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3 comments   Listen   Print   article:323559:17::0
In the Media

article imageSpain in trouble over unused Olympic ticket allocation

By Anne Sewell
Apr 24, 2012 in Sports
It seems that Spain cannot sell its generous allocation of Olympic tickets, and Brits are upset as they "should be first in line".
Spain has recently admitted that it is unable to sell the country's generous allocation of tickets for the Olympics in London later this year.
The Mail Online reports that the Spanish Olympic Committee initially offered the tickets through the Finac music and books store chain. However with the country in crisis and money short on supply, after several months only a handful have been sold.
Now thousands of tickets are for sale online. Tickets will be available to all EU residents on the Spanish Olympics Committee website.
U.K. residents are up in arms because they had hoped the unwanted tickets would be returned to the Olympic organizing committee, Locoq, for onward sale to British spectators.
This has infuriated Britons who feel that they should be first in the queue and also believe that the allocation process was unfair right from the start.
When the ticket ballot was decided last year, thousands were disappointed. And now with the revelation that tickets for several of the popular events have been sitting unsold in Spain, it only adds to the tension.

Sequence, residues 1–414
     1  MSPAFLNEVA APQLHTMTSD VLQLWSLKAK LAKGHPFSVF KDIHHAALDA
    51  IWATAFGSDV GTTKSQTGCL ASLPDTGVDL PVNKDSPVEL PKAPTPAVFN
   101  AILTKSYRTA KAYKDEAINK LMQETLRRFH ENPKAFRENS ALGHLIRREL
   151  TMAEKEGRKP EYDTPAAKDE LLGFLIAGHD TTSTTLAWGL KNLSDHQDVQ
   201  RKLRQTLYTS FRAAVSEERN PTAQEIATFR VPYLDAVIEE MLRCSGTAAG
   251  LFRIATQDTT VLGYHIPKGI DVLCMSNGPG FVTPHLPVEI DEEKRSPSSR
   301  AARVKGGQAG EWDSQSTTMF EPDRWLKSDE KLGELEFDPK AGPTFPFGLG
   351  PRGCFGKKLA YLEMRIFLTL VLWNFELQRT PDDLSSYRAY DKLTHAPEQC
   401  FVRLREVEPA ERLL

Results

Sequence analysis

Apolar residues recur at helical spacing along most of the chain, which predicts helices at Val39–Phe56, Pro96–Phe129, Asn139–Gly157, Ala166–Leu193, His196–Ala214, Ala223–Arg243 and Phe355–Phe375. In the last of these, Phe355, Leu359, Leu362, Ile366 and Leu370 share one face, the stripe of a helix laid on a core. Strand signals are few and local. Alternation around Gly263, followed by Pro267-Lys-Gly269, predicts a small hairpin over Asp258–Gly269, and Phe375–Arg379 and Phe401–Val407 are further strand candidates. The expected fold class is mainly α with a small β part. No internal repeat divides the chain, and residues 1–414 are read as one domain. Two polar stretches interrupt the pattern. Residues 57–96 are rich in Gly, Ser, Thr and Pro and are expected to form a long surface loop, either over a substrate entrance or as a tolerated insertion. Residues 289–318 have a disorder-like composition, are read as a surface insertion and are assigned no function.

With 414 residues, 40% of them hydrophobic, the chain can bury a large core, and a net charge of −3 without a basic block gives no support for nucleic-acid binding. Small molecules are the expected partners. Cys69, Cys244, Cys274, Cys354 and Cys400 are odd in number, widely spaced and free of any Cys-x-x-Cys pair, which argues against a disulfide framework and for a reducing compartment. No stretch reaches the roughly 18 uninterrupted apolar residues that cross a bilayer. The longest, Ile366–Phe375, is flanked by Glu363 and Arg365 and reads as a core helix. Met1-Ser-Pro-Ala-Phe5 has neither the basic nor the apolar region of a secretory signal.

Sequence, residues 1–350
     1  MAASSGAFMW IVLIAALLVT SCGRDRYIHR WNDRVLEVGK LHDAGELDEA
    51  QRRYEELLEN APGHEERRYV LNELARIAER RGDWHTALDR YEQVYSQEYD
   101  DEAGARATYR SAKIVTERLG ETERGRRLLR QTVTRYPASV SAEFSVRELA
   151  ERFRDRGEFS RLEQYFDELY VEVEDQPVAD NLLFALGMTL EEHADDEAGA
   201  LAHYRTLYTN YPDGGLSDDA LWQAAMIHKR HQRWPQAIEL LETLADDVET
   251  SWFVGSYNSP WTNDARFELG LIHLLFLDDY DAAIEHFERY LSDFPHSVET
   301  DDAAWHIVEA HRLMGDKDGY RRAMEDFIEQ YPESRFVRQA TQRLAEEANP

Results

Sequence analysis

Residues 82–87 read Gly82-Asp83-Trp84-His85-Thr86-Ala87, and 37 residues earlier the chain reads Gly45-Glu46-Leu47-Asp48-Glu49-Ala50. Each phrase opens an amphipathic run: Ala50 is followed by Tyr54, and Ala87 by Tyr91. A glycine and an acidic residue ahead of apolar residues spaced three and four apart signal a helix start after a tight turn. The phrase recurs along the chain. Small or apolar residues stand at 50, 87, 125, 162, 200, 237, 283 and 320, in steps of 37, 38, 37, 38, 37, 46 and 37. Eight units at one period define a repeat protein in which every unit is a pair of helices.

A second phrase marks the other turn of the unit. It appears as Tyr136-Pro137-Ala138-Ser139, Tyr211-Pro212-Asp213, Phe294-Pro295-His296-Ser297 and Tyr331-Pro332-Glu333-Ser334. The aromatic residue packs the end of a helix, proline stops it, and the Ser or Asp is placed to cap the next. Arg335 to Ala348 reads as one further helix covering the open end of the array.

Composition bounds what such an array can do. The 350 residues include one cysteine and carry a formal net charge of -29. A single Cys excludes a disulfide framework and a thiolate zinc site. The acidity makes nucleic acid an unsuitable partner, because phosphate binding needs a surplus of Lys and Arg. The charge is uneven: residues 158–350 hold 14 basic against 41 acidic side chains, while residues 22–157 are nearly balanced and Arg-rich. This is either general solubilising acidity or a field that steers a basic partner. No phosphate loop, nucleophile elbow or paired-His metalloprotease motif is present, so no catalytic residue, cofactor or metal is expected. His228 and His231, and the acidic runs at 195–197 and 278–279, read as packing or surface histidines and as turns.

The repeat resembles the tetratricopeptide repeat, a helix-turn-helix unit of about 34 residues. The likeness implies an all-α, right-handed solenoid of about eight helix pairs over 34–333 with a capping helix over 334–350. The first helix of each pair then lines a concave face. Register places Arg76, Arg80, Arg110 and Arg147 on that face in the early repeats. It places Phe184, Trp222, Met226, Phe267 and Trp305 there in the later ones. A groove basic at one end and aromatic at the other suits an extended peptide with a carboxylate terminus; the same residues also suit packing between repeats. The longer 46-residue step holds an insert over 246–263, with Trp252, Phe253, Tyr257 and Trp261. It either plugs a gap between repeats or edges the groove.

The events that the unsold tickets cover include the men's 100 meters final, gymnastics, beach volleyball and also the opening and closing ceremonies.
This is not the only controversy relating to the Olympics. Over the weekend Thomas Cook - a travel agent and official partner of the Olympic 2012 games - was accused of selling tickets for the men's 100 meters final at a huge mark-up.
The Sunday Times reported that the operator, despite a global ban on selling tickets above face value, was offering a pair of tickets including a travel pass and night in a hotel for a price of just under £3,000. Thomas Cook apparently paid more than £20 million in order to become the official provider of ticket and accommodation packages.
However, once the cost of the room and the pass is subtracted, each ticket costs £1,306 – more than triple the face value of £420.
The announcement today of the Spanish ticket debacle will add to the debate over the fairness and transparency of the U.K. ticketing operation for the Olympics, which many have branded "farcical".
Further criticism arose from failed attempts to use the official ticket website which apparently suffered severe technical problems.
The father of Sir Chris Hoy, cycling gold medalist, has slammed the ticket allocation process and has said that not enough is being done for athlete's families. Locog insists that every British athlete has been allocated two tickets for each session in which they compete. But with many events, especially cycling, being oversubscribed, Hoy believes that organizers should hold more tickets back for families.
Locog and the Olympics organizers have said that up to a million more seats will be made available once they have finalized the capacities of the different venues.
article:323559:17::0
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